Happy New Year & Browser and OS stats for 2010

First, I’d like to wish everyone a happy new year on behalf of the entire LQ team. 2010 has been another great year for LQ and we have quite a bit of exciting developments in store for 2011, including a major code update. I’ve posted to this blog far less frequently in 2010 than I’d have liked to, and I’m going to work to change that this year (I do post to twitter fairly often, for those interested).

As has become tradition, here are the browser and OS statistics for the main LQ site for all of 2010 (2009 stats for comparison).

Firefox 57.11%
Chrome 16.44%
Internet Explorer 16.40%
Safari 3.43%
Opera 3.25%
Mozilla 2.21%
Konqueror .47%

Firefox is now on a multi-year slide while Chrome has passed IE to move into the number two position. Safari made some significant gains while Konqueror use was cut in half.

Operating Systems
Windows 51.71%
Linux 41.33%
Macintosh 5.78%
iPhone .21%
Android .15%

Windows use is slightly down this year while both Linux and OS X use are slightly up. As expected both iPhone and Android are up significantly. While Android saw more significant gains, it’s still a bit behind the iPhone. The iPad, for reference, is at .06%

I’d also like to take this time to thank each and every LQ member. You are what make the site great.


LinuxQuestions.org Turns Ten

I’m extremely excited to announce that just over 10 years ago today I made my very first post at LinuxQuestions.org, which served to introduce the site to the public. WOW. To say that LQ has exceeded every one of my expectations in the 3,655 days between then and now would be a monumental understatement. 441,743 members have made 4,007,867 posts in 807,878 threads. The LQ Wiki has 7,895 articles and LQ ISO has facilitated 12,185,643 downloads. LQ even has a new sister site of sorts in Linux Exchange. There’s one thing that has stayed consistent despite our continued growth, however, and that’s the fact that we have one of the best member communities on the web. I’d like to once again thank each and every LQ member for their participation, dedication and feedback. That we’ve been able to stay true to our goals for a decade is a testament to just how great our members are.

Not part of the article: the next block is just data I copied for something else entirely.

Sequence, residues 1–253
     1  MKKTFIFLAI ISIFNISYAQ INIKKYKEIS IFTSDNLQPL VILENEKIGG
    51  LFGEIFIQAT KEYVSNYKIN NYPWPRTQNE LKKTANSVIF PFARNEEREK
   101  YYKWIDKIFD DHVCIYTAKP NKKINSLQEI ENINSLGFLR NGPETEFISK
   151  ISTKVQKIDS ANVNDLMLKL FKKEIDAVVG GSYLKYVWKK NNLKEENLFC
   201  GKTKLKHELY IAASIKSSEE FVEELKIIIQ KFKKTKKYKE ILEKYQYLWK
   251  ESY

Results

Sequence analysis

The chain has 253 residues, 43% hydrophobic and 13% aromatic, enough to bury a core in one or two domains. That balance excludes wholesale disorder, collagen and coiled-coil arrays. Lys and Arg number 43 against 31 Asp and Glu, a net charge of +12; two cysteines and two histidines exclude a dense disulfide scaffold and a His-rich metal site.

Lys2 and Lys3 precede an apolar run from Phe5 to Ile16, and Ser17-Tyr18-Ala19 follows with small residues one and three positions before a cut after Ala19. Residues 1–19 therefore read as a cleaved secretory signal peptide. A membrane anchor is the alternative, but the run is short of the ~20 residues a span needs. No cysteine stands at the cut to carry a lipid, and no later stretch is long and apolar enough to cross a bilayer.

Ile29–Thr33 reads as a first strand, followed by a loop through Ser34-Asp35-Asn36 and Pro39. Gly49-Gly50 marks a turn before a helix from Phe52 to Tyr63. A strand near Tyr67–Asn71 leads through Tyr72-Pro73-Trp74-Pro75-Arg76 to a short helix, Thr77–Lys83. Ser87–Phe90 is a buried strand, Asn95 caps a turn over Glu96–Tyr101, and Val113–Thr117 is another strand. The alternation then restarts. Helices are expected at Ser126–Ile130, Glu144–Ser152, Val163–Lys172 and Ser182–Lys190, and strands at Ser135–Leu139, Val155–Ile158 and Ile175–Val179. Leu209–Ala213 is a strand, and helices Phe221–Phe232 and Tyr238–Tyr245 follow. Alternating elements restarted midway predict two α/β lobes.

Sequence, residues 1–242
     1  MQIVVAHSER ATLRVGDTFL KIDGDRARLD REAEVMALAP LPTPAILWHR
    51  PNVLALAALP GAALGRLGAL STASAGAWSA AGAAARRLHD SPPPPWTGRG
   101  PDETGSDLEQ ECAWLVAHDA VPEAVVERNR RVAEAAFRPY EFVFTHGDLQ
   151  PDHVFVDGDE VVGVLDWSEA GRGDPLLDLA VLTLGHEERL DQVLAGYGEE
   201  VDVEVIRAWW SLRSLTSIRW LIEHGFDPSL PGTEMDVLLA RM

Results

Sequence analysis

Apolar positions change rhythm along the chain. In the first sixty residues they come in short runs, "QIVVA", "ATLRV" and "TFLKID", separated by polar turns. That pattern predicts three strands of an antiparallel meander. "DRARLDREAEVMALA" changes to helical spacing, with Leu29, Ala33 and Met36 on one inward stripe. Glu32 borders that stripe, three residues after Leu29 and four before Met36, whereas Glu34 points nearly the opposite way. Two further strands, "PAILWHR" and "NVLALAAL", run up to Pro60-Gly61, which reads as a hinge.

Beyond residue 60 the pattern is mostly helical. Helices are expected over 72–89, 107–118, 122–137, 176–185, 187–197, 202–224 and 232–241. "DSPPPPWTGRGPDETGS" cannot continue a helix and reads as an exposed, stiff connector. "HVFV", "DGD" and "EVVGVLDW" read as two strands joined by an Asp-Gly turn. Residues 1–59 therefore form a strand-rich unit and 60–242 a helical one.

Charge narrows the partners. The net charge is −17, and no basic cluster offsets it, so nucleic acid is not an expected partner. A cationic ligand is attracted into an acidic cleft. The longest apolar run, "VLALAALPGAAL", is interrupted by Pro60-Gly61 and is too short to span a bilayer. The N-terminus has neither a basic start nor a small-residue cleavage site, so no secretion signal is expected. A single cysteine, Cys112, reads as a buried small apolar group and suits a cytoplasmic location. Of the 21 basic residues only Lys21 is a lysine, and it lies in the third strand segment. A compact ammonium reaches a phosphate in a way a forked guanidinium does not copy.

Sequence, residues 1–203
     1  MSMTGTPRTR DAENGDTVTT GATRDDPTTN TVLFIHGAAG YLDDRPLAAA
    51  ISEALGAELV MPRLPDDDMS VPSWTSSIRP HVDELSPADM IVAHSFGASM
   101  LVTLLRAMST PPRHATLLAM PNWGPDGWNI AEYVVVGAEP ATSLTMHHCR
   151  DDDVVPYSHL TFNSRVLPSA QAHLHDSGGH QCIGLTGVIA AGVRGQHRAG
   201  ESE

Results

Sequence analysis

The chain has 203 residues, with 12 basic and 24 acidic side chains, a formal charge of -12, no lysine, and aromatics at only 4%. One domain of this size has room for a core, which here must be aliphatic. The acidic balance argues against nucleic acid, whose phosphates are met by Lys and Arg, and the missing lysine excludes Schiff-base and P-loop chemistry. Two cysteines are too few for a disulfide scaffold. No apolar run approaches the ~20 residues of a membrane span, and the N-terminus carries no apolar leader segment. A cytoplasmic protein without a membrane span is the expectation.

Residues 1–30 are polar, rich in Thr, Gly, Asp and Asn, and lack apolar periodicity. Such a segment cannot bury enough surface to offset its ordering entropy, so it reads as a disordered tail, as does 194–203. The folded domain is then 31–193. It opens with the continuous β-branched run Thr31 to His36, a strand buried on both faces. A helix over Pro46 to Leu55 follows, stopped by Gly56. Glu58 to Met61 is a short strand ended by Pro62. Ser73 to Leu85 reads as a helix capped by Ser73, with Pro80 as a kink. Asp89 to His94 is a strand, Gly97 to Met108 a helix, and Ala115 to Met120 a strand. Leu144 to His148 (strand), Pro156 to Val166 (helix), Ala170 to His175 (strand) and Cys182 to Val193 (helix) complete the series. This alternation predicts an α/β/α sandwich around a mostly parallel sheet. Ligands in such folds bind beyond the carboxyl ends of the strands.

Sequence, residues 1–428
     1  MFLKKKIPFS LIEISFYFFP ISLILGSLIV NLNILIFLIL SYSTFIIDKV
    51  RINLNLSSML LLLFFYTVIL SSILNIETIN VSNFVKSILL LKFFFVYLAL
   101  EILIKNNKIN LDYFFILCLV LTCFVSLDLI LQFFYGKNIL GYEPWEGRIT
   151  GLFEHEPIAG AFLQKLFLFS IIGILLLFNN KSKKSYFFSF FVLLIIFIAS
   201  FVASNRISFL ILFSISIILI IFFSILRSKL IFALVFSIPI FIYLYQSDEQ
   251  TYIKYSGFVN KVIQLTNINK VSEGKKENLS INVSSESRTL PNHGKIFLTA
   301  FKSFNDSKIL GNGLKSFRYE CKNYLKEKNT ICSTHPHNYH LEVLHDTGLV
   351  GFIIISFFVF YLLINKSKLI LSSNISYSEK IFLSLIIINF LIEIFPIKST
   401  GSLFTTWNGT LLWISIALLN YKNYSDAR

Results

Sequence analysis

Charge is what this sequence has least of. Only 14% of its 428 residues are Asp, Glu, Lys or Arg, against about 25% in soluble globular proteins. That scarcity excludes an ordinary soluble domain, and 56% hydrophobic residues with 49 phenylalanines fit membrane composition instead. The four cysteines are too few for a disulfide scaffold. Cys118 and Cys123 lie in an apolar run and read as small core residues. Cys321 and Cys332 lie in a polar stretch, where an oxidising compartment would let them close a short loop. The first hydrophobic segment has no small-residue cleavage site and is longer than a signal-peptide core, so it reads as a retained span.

Feedback has been absolutely critical to our continued success and we really do listen. It would be impossible to enumerate the features we’ve added or changes we’ve made as a direct result of member feedback. With that in mind, I’d like to use this thread to collect as much feedback as possible about LQ. What are we doing well and where can we improve? What new features or sections would you like to see? What should we be doing differently? In addition to our fantastic members, I’d be remiss for not mentioning the LQ mods team. The amount of time and dedication they put into the site probably goes unnoticed by many. They keep LQ on topic and on point. The work you see them put into the forums is only the beginning and for that I can not thank them enough. LQ truly would not be what it is without them.

With a full decade under our belts, you may be wondering what’s next for LQ. I’m happy to say that a full ten years after we started, our mission remains as laser focused now as it was when I started the site; to be the absolute best resource we can be for the Linux and Open Source community.


LinuxQuestions.org Mobile OS Stats

While on the topic of mobile Linux, I thought it would be interesting to post the mobile Operating System stats for LQ year-to-date.

Operating Systems
iPhone 54.38%
Android 18.10%
iPod 17.29%
SymbianOS 4.82%
BlackBerry 2.08%
Windows 1.72%

Despite being a late entry into the mobile OS market, Android seems to be putting up some respectable numbers. What impact will this have on the long term viability of some of the other mobile operating systems? My guess is that many will cease to exist long term, including at least one of the ones listed above. Of noticeable absence above (and not even in the top 10 at LQ), is Palm WebOS.